Feline Thromboembolism--New Clinical Perspectives
World Small Animal Veterinary Association World Congress Proceedings, 2007
Philip R. Fox, DVM, DACVIM, ECVIM-CA (Cardiology), ACVECC
The Animal Medical Center
New York, NY, USA

Thrombosis is clot formation within a cardiac chamber or vascular lumen. Embolization results from dislodgement of a clot fragment or other foreign material into a vessel.


Thrombosis requires one or more of the following conditions: 1) local vessel or tissue injury, 2) circulatory stasis, and 3) altered blood coagulability. The cardiomyopathies predispose to LA or LV endothelial injury and blood stasis from atrial dilation and impaired function. Together, these factors predispose cats to thromboembolism. Moreover, collateral circulation is modulated by vasoactive substances (e.g., serotonin and others) released by the clot as well as by endothelial substrates. These chemicals decrease collateral circulation and exacerbate ischemia.

Clinical Presentation

Clinical consequences depend upon: 1) site of embolization, 2) severity and duration of occlusion, 3) degree of functional collateral circulation, 4) state of myocardial function, and 5) development of serious complications. CHF (dyspnea, tachypnea, anorexia) or syncope may occur concurrently. Clinical signs result from CHF and specific tissues or organs that are embolized (e.g., azotemia from renal infarction, bloody diarrhea from mesenteric infarction, posterior paresis from saddle embolus). More than 90% of affected cats present with lateralizing posterior paresis caused by a saddle clot at the distal aortic trifurcation. Clinical signs are characterized by the 4 P's: Paralysis; Pain; Pulselesness (lack of palpable femoral arterial pulses); and Polar (e.g., cold distal limbs and pads) extremities. Anterior tibial and gastrocnemius muscles become firm from ischemic myopathy by 10 to 12 hours post aortic embolization. These soften 24 to 72 hours later. Acutely affected cats drag their back legs by flexing and extending the hip but can not flex and extend the hock. Invariably, one leg is more severely effected. Nail beds are cyanotic and distal limbs are swollen. Embolus to a single brachial artery (usually right front leg) may cause monoparesis. When intermittent claudication occurs, arterial pulses may be palpated, foot pads feel warm (normal), and nail beds are not cyanotic. This frequently precedes severe subsequent thromboembolism. Less common sites include renal, mesenteric, pulmonary, coronary, and cerebral arteries (embolic "showers"). Most cats are clinically dehydrated and hypothermic.

Diagnostic Workup

Thoracic radiographs, ECG, echocardiogram, biochemical profile, and urinalysis provide the initial data base. Affected cats have creatine phosphokinase enzymes elevated shortly after embolization; BUN/creatinine, serum alanine aminotransferase and aspartate aminotransferase (SGOT) elevate by 12 hours of presentation, and peak by 36 hours post embolization. Hyperglycemia, mature leukocytosis, lymphopenia, and hypocalcemia may be present. Acute hyperkalemia can result from skeletal muscle reperfusion injury downstream from the embolus. Hypokalemia accompanies anorexia and diuretic therapy. Coagulation abnormalities may occur. Echocardiography characterized heart structure and function and detects intracardiac and vascular thrombi. Spontaneous echo contrast ("smoke") in the LA or LV is associated with blood stasis, and is a harbinger for increased thromboembolic risk. Scintigraphy, MRI, high definition CT, and angiography may have clinical application in some cases.

Treatment Goals

Therapies are directed to 1) manage concomitant CHF or serious arrhythmias (especially associated with hyperkalemia), 2) patient support (nutritional supplementation, correct hypothermia, prevent self mutilation), 3) acute pain amelioration, 4) measures to limit thrombus growth/ formation, 5) critical monitoring, and 6) prevention of repeated events.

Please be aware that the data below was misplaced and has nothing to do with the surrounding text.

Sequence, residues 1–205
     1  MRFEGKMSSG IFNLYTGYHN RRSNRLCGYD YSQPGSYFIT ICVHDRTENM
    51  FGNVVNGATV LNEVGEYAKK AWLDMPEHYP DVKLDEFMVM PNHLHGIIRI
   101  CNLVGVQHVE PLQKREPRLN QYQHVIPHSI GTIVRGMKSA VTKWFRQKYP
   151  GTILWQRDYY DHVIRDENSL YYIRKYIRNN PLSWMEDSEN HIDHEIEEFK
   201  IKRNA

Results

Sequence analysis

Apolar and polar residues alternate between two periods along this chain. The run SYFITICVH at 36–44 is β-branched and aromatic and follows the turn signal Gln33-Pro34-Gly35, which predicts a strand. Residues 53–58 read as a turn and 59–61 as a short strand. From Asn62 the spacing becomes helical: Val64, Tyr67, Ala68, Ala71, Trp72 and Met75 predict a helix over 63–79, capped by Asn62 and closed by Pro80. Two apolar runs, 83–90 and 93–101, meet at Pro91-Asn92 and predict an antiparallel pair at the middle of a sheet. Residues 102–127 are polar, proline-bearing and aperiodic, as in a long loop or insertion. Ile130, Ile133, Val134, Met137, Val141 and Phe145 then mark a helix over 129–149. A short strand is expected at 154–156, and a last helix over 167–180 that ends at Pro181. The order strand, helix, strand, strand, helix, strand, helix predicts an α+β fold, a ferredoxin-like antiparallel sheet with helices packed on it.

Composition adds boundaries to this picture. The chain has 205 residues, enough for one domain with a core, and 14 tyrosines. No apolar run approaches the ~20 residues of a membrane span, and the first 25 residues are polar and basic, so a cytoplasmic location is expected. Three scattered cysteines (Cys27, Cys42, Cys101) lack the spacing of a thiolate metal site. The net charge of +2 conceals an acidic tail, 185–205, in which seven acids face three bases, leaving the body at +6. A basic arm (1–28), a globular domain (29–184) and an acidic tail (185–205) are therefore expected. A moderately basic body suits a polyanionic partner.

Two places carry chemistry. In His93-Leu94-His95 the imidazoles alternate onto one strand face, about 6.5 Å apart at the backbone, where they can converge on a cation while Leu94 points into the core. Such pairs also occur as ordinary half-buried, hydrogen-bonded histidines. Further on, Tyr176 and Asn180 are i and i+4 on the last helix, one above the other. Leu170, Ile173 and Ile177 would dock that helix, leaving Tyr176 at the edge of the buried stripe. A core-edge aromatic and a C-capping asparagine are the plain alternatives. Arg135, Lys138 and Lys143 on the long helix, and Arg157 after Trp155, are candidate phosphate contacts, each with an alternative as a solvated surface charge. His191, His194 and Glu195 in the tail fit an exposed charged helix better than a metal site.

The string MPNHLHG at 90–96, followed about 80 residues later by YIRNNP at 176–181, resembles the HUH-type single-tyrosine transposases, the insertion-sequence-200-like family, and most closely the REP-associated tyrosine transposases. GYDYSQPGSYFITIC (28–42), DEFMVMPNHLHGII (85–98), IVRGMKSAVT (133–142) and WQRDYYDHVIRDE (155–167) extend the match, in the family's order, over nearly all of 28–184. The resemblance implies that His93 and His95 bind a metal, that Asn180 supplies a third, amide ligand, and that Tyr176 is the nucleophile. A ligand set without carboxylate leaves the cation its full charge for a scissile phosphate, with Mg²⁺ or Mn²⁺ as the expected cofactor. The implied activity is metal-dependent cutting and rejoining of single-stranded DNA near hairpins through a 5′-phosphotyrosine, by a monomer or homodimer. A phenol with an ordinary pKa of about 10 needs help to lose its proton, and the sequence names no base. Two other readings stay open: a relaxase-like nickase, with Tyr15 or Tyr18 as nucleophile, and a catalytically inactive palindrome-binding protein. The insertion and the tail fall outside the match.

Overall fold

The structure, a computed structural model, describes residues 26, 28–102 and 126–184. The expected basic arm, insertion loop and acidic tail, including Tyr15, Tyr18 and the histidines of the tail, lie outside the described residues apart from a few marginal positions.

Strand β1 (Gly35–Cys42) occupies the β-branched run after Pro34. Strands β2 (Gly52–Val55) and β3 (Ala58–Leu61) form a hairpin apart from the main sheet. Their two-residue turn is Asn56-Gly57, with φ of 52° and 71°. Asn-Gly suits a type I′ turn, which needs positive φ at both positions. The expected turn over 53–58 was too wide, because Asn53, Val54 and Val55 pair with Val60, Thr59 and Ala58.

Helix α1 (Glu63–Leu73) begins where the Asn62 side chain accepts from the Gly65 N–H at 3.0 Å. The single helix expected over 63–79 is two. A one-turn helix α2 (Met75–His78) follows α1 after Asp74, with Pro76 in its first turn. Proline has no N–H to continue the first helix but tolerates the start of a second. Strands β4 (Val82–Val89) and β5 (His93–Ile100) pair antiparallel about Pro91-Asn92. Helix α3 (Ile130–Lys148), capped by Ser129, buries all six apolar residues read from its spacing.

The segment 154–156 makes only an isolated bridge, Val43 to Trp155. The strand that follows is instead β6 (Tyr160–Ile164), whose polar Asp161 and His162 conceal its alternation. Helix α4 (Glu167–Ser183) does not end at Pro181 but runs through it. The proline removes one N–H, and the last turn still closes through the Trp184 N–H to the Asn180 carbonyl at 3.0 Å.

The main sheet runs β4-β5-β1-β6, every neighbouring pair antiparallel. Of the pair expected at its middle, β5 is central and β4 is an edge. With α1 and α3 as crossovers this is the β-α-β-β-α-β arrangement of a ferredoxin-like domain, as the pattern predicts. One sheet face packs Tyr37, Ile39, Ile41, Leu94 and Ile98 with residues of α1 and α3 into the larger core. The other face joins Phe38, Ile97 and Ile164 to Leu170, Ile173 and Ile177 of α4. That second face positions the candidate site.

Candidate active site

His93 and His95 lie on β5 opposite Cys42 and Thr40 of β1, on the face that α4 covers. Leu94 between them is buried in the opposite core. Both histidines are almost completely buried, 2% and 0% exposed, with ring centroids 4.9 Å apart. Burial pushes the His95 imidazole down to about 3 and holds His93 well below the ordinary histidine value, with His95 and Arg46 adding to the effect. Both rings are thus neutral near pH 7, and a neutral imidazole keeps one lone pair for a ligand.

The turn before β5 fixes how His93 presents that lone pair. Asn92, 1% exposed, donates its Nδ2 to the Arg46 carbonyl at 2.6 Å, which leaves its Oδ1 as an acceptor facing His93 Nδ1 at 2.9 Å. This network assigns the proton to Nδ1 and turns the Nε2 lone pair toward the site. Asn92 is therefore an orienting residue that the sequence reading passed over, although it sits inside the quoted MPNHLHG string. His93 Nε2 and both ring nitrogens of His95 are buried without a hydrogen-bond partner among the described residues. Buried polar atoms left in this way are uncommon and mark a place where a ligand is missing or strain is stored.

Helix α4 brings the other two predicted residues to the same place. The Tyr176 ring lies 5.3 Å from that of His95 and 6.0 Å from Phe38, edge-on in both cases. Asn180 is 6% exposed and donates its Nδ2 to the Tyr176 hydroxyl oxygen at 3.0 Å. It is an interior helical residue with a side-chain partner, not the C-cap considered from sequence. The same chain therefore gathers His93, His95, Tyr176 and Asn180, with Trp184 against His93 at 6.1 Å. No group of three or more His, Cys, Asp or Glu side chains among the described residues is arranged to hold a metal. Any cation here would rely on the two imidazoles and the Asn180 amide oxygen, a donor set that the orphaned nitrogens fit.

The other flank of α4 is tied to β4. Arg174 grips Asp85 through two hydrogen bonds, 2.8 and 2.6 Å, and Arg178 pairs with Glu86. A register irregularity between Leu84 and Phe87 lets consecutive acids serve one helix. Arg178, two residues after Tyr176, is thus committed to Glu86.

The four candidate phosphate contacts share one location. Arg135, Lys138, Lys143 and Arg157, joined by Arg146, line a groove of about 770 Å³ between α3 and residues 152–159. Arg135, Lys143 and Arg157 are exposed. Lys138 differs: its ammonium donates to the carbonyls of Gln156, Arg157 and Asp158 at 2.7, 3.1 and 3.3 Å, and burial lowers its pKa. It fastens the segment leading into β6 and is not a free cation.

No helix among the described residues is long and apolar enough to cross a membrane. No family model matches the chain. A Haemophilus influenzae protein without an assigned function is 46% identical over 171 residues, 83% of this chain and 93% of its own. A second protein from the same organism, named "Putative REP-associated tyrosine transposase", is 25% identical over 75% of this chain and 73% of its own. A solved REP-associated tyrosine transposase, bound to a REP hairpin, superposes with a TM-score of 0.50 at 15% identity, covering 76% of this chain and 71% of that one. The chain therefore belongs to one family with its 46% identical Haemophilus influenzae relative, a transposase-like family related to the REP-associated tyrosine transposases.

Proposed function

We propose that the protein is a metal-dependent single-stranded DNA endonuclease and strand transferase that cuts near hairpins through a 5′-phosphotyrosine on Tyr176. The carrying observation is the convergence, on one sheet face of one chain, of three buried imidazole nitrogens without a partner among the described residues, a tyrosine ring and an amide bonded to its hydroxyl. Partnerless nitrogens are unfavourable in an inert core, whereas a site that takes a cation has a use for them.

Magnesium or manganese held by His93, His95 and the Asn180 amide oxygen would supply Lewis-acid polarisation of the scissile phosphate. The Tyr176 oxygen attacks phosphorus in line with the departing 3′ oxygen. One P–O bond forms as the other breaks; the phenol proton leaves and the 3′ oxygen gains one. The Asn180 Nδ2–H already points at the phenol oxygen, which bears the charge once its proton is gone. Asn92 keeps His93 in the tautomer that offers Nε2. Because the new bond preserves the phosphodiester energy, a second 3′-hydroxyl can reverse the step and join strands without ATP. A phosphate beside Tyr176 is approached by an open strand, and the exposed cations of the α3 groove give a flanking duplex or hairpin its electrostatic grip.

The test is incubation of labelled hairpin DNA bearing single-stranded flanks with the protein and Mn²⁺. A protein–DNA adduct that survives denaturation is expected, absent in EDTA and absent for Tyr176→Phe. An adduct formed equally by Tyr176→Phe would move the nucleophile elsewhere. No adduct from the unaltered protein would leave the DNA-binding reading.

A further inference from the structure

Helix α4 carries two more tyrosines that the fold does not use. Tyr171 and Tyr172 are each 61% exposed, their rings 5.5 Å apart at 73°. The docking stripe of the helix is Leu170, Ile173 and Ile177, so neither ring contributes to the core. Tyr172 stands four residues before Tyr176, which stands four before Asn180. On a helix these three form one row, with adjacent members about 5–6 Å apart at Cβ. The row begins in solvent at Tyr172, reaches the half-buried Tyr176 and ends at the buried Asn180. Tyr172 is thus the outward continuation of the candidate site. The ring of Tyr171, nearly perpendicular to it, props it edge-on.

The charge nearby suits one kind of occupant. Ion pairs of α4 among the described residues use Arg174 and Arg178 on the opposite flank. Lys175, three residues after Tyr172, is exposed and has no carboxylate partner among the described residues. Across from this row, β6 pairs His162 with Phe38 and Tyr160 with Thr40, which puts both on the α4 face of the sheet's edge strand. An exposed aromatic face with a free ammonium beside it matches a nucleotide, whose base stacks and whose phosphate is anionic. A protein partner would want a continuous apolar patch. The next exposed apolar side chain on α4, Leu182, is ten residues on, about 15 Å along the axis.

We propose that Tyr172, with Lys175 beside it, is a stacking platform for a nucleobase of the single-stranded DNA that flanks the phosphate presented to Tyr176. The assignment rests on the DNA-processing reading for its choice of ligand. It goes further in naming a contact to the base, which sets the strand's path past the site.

Management of Heart Failure

Therapies may include furosemide, supplemental O2 administration, ACE inhibitors, inotropes or inodilators, nutraceuticals, arrhythmia control, mechanical fluid removal, and other measures as needed.

Patient Support

Measures include correction of dehydration, acid/base/electrolyte alterations, hypothermia, and nutrition. Aspirin during the first 48 hours relieves muscle pain from ischemic myopathy. For anorexia, placement of a nasoesophageal feeding tube provides alimentation, particularly during the first week of therapy. Maintain hydration, electrolyte balance, and nutritional support. To prevent self mutilation (excessive licking or chewing) of distal limbs devitalized by an occlusive saddle embolus which is common during convalescence, apply a loose-fitting bandage, stockinet, or other barrier. Avoid indwelling venous catheters into legs devitalized by embolus.

Pain Management

Pain is usually most intense within the first 24 hours of thromboembolism and appears to subside rapidly thereafter. One must take care to avoid excessive medications that would blunt the ability to clinically assess physical status, mentation, and appetite. Some commonly used agents include butorphanol (0.2-0.4mg/kg SQ q6-8 hours), hydromorphone (0.05t0.1mg/kg SQ), or fentanyl patches.

Thrombolytic Therapy

Streptokinase (or urokinase) acts by generating the nonspecific proteolytic enzyme plasmin through conversion of the proenzyme plasminogen. This causes a generalized lytic state (beware of bleeding complications). Dose--90,000IU over 20 minutes followed by 45,000 IU CRI for 2-24h.

Recombinant tissue-type plasminogen activator (p-ta) has a lower affinity for circulating plasminogen and does not induce systemic fibrinolysis. It binds to fibrin within the thrombus, converts entrapped plasminogen to plasmin, and initiates local fibrinolysis. Severe hyperkalemia occurs in half of treated cats. Dose (cats with thromboembolism)--0.25 to 1.0 mg/kg/hr IV; total IV dose, 1-10 mg/kg.

Anticoagulant Therapy

Heparin binds to lysine sites on plasma antithrombin III, enhancing its ability to neutralize thrombin and activated factors XII, XI, X, IX, preventing activation of the coagulation process. Efficacy has never been established. Bleeding is a major complication of unfractionated heparins. Compared with unfractionated heparins, low molecular weight heparins (LMWH) provide greater safety and bioavailability, longer plasma half life, and can be given as a fixed, daily, subcutaneous dose.